In 2015, I felt myself to be on a plateau. I had devoted myself entirely to learning the business and creating a unique niche for myself as a member of the media. Although my technical skills continued to increase, my knowledge of Arabian horse conformation was not on an equal par—and for this, not only was I poignantly aware, but I also feared it was becoming obvious in my work. As my opportunities continued to get more prestigious, so did my audience and platform—therefore, mistakes and weakness could also be more magnified. But most challenging of all, I did not know how, or in which direction to turn for this knowledge. Being able to see an animal from the perspective of anatomy was not natural for me—I had to learn it little by little over time and my steps forward were small. Because the camera provides a square in which to view the animals, my ability to analyze physique as I worked was enhanced, but without the structure that the viewfinder enabled, the challenge was greater.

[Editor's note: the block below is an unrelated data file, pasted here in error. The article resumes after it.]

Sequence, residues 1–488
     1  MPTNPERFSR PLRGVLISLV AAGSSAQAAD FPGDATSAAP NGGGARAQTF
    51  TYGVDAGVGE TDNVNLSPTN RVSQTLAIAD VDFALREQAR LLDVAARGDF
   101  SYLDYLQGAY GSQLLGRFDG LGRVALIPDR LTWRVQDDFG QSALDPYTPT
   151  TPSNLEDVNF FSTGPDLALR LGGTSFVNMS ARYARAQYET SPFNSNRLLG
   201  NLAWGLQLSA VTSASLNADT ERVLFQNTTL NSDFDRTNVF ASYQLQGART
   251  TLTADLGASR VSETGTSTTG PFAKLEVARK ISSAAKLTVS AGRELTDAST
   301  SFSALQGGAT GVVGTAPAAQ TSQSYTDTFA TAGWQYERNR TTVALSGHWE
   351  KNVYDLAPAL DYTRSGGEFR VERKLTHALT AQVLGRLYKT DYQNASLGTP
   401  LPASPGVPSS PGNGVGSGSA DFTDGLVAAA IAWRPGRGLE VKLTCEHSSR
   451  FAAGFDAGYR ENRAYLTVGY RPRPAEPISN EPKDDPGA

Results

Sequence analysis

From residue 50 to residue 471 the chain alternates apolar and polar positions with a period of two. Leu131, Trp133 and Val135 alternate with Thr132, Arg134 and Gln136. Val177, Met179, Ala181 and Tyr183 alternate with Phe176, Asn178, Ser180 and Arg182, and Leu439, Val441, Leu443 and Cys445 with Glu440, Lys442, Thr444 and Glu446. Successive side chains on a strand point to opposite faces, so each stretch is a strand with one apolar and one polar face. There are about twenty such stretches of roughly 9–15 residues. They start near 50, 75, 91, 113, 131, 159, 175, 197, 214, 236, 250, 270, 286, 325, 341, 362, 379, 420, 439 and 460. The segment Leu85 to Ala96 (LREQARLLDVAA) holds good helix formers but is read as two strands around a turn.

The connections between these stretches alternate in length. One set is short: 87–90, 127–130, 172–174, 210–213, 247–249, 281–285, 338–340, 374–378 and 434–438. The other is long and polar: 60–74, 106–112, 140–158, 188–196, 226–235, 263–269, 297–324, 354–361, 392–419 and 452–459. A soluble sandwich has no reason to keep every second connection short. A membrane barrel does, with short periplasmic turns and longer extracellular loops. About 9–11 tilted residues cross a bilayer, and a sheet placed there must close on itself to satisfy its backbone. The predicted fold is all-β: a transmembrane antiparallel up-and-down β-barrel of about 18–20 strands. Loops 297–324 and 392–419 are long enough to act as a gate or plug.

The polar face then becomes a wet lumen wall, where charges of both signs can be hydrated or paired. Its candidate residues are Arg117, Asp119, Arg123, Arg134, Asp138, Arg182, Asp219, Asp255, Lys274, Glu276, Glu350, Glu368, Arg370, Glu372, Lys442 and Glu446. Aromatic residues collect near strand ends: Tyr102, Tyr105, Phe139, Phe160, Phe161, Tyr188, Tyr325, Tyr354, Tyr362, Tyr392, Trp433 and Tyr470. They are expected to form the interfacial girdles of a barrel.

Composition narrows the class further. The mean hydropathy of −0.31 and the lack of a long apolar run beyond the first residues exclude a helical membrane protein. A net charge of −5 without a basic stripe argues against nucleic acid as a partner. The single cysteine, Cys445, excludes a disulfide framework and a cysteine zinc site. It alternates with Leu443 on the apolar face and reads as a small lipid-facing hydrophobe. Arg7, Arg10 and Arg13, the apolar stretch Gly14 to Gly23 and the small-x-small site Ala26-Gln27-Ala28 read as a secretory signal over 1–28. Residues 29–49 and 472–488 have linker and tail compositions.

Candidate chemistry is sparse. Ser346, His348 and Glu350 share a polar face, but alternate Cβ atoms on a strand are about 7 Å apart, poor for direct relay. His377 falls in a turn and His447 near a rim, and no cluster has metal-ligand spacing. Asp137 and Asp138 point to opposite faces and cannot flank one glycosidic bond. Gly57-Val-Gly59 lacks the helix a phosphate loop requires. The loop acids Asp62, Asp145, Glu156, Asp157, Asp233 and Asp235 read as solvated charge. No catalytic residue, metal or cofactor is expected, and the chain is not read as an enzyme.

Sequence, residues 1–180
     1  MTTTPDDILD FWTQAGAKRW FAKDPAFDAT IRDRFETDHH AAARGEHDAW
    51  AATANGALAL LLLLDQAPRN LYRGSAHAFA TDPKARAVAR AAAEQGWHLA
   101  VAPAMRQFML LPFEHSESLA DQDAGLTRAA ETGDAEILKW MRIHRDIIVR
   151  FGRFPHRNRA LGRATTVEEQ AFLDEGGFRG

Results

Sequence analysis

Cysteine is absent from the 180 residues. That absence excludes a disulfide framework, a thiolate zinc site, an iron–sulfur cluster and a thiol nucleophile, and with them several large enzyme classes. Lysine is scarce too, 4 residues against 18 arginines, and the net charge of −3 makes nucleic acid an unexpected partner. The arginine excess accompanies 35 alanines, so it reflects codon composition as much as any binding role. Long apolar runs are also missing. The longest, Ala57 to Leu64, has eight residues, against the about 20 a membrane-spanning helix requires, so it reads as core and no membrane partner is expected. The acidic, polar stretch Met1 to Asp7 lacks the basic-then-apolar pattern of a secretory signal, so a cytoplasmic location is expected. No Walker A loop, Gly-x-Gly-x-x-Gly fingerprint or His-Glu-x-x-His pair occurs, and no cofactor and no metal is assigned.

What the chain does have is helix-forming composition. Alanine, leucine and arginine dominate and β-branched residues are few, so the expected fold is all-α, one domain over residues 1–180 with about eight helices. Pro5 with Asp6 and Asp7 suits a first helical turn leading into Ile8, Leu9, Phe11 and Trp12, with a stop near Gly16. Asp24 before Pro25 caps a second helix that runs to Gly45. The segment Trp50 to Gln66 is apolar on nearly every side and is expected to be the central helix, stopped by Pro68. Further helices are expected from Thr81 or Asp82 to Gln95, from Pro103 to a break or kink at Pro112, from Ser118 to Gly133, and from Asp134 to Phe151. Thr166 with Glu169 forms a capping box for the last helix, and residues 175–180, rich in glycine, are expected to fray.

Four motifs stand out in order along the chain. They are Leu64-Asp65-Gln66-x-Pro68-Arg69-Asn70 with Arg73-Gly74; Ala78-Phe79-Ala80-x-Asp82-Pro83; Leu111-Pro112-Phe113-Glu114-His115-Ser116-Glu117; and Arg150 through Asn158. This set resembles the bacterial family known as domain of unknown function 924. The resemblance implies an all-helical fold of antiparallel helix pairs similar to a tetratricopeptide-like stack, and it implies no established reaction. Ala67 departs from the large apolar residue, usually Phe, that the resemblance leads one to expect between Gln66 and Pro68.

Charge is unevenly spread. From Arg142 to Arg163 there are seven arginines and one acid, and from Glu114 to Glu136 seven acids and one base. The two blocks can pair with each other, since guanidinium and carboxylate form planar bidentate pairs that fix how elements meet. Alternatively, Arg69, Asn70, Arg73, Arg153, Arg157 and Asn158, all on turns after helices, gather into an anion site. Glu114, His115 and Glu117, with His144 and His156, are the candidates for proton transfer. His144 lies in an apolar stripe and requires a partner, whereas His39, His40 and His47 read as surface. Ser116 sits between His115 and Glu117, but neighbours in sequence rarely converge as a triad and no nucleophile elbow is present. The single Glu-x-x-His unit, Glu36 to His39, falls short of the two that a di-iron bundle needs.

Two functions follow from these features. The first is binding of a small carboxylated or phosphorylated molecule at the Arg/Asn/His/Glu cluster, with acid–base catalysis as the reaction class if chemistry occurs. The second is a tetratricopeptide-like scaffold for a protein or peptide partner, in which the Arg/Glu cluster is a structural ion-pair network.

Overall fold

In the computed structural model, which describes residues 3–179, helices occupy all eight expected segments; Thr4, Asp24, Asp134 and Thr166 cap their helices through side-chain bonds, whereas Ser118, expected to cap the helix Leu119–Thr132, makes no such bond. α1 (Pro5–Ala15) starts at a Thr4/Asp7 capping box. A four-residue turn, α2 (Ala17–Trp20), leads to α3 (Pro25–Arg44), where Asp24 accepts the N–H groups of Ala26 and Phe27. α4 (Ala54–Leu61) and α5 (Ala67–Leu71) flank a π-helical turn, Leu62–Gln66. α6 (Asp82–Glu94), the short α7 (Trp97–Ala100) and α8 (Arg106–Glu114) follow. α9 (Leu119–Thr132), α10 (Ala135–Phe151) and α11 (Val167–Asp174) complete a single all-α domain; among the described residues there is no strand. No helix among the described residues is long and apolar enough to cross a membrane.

In 2016, Claudia and I were both working in Doha at the Qatar International Arabian Horse Show, which was held at Al Shaqab Stud. I was there as a media individual, in which my responsibilities included social media coverage through the duration of the event, followed by formal photo and text coverage; while Claudia was one of the Judges. After returning home and preparing to finalize the photo gallery for publication, I began to feel anxiety, which was progressively getting worse after each show as I reached this point. The primary source of my fear was publishing a photo that could potentially be embarrassing to an owner or a show. In this particular coverage, there were approximately five images in which I was unsure. But I chose to include them as I felt they were important enough to keep, and even though something bothered me about them, my knowledge was not at a point where I could justify not using them. At the time, I did not consider a feeling to be enough. So, after some thought, I asked Claudia to critique my work for any faults that were exposed in my images.